TOUGH CLINICAL INSTRUCTORS
Have you ever been yelled at by your nursing instructor during lab or clinicals? Sometimes it does seem as if the instructor is out to get you. The first thing you need to establish is whether this will be a battle worth fighting. If not, then you should ignore the instructor and get through clinicals as fast as you can. Try to learn how this particular instructor wants work done. If they want you to do a procedure their way, then do it. It’s not worth fighting over. Learn the instructor’s way on everything and regurgitate it almost verbatim. Clinical instructors are usually tough on you so that you can be the best nurse you can be out the door. If an instructor is constantly picking on you in class and in clinical setting, there are some th-ings that you can do.
If other students witness this and are willing to put it in writing, then that would be great. But most students would be afraid of retaliation or causing trouble. You will not win unless this is a new instructor and she is in probationary period, or you have support for an unethical or serious complaint. Know the procedure, if she corrects you just do it, as long as it is not totally wrong or harmful to patients. You can “discuss” your difference of opinion later in pre or post conference. People that push their power around by inappropriately “bullying” people, are usually secretly insecure inside, and crave respect.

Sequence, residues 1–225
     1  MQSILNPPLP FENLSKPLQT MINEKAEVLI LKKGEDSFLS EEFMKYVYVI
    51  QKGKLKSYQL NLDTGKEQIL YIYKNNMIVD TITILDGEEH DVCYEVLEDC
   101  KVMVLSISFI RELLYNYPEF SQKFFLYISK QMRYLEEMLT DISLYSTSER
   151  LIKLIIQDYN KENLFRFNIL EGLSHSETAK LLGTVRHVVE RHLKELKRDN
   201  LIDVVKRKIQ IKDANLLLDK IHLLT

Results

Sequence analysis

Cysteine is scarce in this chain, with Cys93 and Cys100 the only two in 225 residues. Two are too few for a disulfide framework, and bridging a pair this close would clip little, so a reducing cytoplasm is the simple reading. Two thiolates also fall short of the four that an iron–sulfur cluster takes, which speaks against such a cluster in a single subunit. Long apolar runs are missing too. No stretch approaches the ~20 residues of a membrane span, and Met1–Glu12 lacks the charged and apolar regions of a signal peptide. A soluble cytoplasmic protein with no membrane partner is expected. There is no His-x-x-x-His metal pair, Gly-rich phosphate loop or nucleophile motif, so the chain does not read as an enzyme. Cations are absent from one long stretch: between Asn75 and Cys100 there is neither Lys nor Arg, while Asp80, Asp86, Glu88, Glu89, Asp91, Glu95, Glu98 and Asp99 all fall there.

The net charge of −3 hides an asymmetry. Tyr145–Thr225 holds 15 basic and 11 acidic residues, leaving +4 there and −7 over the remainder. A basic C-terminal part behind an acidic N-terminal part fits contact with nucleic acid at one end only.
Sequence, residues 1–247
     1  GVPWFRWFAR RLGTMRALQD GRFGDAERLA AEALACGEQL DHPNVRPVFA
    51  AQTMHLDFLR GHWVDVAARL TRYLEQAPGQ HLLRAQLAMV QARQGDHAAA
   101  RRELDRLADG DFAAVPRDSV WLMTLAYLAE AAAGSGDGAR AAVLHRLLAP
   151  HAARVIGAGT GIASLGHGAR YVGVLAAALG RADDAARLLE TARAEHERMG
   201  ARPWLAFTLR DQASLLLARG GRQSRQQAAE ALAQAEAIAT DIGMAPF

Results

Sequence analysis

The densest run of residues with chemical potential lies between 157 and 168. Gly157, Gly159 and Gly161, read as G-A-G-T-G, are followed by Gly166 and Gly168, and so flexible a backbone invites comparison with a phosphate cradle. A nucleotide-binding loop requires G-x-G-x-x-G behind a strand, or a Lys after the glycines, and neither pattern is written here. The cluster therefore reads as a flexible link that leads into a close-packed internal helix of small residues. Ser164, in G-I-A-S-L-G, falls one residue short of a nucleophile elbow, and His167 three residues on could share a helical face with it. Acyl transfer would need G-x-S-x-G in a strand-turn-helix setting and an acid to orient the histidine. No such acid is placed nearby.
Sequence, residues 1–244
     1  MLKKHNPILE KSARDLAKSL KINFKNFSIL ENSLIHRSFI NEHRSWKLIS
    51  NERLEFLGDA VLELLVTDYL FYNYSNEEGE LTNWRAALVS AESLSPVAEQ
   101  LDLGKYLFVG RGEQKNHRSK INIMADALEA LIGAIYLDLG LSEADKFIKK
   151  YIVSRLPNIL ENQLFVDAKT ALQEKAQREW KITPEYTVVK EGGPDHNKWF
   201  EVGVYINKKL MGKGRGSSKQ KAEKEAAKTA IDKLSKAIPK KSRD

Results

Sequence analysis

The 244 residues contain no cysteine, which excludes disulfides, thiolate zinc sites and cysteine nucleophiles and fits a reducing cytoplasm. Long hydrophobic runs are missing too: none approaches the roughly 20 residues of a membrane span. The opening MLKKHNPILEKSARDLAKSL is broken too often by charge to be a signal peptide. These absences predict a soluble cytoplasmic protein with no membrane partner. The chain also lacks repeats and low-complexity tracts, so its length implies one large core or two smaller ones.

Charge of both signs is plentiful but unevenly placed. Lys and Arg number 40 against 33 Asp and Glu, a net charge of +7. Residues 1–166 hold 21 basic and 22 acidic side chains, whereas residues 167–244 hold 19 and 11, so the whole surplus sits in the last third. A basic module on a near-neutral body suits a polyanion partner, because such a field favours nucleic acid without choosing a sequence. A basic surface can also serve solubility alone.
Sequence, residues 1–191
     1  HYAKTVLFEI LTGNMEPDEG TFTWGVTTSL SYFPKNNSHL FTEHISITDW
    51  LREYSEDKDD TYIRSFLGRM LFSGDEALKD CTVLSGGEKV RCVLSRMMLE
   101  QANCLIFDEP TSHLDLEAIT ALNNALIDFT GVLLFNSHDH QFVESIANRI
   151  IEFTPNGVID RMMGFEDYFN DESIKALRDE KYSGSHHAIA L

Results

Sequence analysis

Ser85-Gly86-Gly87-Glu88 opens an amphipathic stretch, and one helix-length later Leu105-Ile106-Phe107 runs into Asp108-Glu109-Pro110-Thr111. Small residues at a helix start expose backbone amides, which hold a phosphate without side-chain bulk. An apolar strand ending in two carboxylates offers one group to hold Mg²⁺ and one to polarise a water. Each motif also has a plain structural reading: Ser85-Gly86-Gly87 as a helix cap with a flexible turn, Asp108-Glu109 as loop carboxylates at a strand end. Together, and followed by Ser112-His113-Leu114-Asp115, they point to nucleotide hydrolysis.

Most nursing schools have a nursing student’s bill of rights and responsibilities. Most students don’t read this until there is an issue. You will learn that some nursing school policies have a conflict of interest clause. The goals of a clinical practicum include knowledge and skill development in areas of clinical practice, administration, education and research. In clinical practice experience, the student role should takes precedence. The key issue is that new learning is occurring to meet course objectives. During a clinical practicum, a real or perceived conflict of interest may occur. Guidelines are intended to minimize the possibility of a conflict of interest occurring.
Unless conflicts between the students and the instructors can be successfully managed, they will certainly result in negative outcomes for the students. The conflict management styles of the students should be recognized in detail in order to attain positive outcomes in regard to the conflict management styles.
Steps to resolve conflicts
1. Listen- Understanding the other person’s point of view is critical in resolving conflict. Listen to what she says and doesn’t say. To be a careful listener, avoid these barriers to effective listening:
2. Assimilate- To work out a mutually agreeable solution, both of you must realize that you may not be completely right or that you may be wrong entirely. Try these three strategies to help you see all sides: Think first; speak second.
3. Respond- Don’t respond with anger, especially when the other person is responding in anger. By giving a calm, well-reasoned response, you can defuse a highly emotional situation. Ask what her suggested resolution is. Then offer your own.